Dietary patterns and CVD: a systematic review and meta-analysis of observational studies.Br J Nutr 2015; 114(9):1341-59BJ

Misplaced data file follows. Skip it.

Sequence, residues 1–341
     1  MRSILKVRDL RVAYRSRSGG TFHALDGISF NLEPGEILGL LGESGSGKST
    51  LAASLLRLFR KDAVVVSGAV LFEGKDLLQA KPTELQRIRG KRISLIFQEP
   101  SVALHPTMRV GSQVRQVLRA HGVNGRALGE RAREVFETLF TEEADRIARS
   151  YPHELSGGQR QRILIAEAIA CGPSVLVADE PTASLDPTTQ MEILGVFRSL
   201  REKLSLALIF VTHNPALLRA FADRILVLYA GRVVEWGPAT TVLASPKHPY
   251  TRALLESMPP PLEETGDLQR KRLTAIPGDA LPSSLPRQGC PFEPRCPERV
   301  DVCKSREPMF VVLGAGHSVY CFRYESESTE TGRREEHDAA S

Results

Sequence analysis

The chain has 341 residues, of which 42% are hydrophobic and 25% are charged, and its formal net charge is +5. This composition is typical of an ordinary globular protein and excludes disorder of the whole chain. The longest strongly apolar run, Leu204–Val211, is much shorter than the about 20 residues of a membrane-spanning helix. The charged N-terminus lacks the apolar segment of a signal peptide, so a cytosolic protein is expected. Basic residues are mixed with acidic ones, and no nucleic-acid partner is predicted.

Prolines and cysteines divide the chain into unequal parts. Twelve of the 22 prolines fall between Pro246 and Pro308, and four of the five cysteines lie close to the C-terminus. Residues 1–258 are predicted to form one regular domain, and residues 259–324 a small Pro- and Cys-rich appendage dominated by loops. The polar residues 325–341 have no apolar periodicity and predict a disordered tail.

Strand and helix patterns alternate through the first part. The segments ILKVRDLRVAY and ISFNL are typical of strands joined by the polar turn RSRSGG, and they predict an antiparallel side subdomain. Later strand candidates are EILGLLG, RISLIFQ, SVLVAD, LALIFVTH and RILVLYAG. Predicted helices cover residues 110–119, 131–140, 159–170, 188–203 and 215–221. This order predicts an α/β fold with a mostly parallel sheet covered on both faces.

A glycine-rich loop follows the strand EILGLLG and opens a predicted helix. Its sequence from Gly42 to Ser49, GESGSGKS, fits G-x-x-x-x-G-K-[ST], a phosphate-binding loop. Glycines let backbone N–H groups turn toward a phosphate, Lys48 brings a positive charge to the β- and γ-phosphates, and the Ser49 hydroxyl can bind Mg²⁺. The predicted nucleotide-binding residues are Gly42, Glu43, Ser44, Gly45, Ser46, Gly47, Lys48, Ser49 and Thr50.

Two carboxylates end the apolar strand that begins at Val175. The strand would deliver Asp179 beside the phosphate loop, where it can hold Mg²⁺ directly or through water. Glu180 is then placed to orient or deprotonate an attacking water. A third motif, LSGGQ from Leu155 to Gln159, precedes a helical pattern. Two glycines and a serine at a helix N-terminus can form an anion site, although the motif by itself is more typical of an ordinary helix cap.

Epidemiological studies show that diet is linked to the risk of developing CVD. The objective of this meta-analysis was to estimate the association between empirically derived dietary patterns and CVD. PubMed was searched for observational studies of data-driven dietary patterns that reported outcomes of cardiovascular events. The association between dietary patterns and CVD was estimated using a random-effects meta-analysis with 95 % CI. Totally, twenty-two observational studies met the inclusion criteria. The pooled relative risk (RR) for CVD, CHD and stroke in a comparison of the highest to the lowest category of prudent/healthy dietary patterns in cohort studies was 0·69 (95% CI 0·60, 0·78; I 2=0%), 0·83 (95% CI 0·75, 0·92; I 2=44·6%) and 0·86 (95% CI 0·74, 1·01; I 2=59·5%), respectively. The pooled RR of CHD in a case-control comparison of the highest to the lowest category of prudent/healthy dietary patterns was 0·71 (95% CI 0·63, 0·80; I 2=0%). The pooled RR for CVD, CHD and stroke in a comparison of the highest to the lowest category of western dietary patterns in cohort studies was 1·14 (95% CI 0·92, 1·42; I 2=56·9%), 1·03 (95% CI 0·90, 1·17; I 2=59·4%) and 1·05 (95% CI 0·91, 1·22; I 2=27·6%), respectively; in case-control studies, there was evidence of increased CHD risk. Our results support the evidence of the prudent/healthy pattern as a protective factor for CVD.